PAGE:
Elder Snow, Elder Johnson, other General Authorities and officers, President Worthen, members of the President’s Council, other administrative leaders, faculty, students, friends, families, and guests, just one year ago, as I stood at this podium nearing the conclusion of my assignment here at BYU, I was quite confident that it was the last time I would have the privilege of greeting and addressing a commencement gathering of this great and unique university. Obviously I was wrong about that, as I have been about some other things over the years. But I am glad that I came.
I am particularly grateful to Professor Robert George for his wonderful and insightful comments. He has been a mentor to many and a great friend and supporter of Brigham Young University and has been helpful to our church. We are honored that he is now part of our group.
What I was not wrong about was my appreciation, affection, and admiration for Brigham Young University. In fact, those sentiments have only increased in the year that we have been away. Today my gratitude is full for the thoughtful friends and associates who have made possible this honor that if not deserved is nevertheless received with a happy heart and thankful thoughts for all that BYU has come to mean to Sharon and to me.
While our interest in and fondness for you and for the people and the institution that constitute Brigham Young University have not lessened one whit, we no longer worry about the details or specific challenges you face because we have full confidence in the current leadership of President Worthen and his team and all of you as you lead BYU to even greater heights and accomplishments. We learned while being privileged to be directly associated with you that this very special place is not solely dependent—nor will it ever be—on specific individuals. On the other hand, it is also true that everyone so blessed to be a part of BYU in any way has the opportunity to contribute to and advance the sacred mission of this most remarkable and important “house of learning.”
One of the blessings of being somewhat removed this past year is that we have been more able to reflect on the big picture of what this university is and where it is going without being preoccupied with necessary but largely temporary details that may deflect from consideration of those things most important, like those that Professor George mentioned. Just one example might be helpful in understanding how we feel.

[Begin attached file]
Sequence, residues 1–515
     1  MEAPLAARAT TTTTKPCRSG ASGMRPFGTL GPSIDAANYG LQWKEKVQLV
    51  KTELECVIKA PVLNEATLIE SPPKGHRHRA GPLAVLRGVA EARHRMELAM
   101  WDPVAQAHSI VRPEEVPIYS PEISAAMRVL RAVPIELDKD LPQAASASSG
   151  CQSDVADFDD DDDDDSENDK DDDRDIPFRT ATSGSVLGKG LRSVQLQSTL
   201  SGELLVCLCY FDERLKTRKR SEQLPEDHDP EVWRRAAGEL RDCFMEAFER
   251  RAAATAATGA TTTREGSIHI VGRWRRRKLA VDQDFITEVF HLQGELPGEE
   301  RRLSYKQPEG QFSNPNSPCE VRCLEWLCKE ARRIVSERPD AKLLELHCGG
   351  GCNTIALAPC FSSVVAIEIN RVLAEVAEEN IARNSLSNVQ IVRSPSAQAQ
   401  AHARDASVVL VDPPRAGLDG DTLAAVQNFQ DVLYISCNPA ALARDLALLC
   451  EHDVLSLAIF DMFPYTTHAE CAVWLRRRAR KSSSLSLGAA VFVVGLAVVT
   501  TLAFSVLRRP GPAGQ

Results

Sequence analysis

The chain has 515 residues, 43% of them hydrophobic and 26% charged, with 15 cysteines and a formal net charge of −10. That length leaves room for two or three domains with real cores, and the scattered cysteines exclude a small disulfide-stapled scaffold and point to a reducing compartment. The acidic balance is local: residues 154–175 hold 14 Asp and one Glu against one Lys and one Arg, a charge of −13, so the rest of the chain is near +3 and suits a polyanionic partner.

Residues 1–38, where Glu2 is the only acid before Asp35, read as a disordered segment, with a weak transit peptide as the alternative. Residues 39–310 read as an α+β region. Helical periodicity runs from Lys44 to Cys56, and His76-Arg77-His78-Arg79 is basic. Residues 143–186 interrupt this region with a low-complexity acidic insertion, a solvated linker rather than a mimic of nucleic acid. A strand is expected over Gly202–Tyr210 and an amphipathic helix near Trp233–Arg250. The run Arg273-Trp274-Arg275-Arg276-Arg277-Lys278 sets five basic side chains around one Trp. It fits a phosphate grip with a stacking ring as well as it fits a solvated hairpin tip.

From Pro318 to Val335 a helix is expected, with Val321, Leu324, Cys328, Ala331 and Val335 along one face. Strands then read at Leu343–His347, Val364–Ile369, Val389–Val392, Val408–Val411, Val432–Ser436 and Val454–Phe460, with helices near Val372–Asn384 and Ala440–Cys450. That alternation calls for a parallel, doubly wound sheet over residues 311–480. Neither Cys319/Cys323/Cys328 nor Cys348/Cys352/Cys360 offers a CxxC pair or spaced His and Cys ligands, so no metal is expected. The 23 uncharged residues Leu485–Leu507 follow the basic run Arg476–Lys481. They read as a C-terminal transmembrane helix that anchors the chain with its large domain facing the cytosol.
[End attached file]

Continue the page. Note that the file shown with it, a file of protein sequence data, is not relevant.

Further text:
In our current assignment at the Salt Lake Temple we see and meet a very large number of people on an almost daily basis. You might imagine the intense pleasure we feel when we see and are greeted by students, former students, and other BYU associates in that setting. We occasionally chuckle when long-term workers at the temple seem surprised that we, as relative newcomers, are recognized by so many who come to the temple. For that alone we owe much to BYU.
In retrospect, our time, like yours, passed quickly while being fully immersed in what transpires in this very special place. What does not pass quickly, and perhaps is even permanently enduring, is the influence for good that emanates from BYU. This imprint is both individual in the lives of those blessed to be here and collective in the impact for good in our various societies and social systems. As I read regularly of the important research results coming from our scholars, I am happily impressed with the significant contributions being made to the global good.
These gifts cover a broad spectrum of the arts and sciences and are not unlike those coming from other great universities. But, and this is particularly important, there are unique contributions made by and at BYU that give reason for the faith that is within us of the reality of our living Father in Heaven; His Beloved Son, the Savior and Redeemer Jesus Christ; and the holy plan for each of us. In this regard, defense of the family and religious liberty generally receives and deserves to receive the best efforts of this heaven-supported university that we all love and cherish.
As I conclude my expression of gratitude for all that BYU has done and does, I invite all of you to join me in pledging to continue in our own lives the tremendous work and endeavor that justifies the enormous expenditures and sacrifices that allow for the happy circumstances we enjoy in what we collectively can describe as our BYU experience. May God bless us that this will be so, I humbly pray in the name of Jesus Christ, amen.
Cecil O. Samuelson, former president of Brigham Young University, received an honorary doctorate when this commencement address was given on 23 April 2015.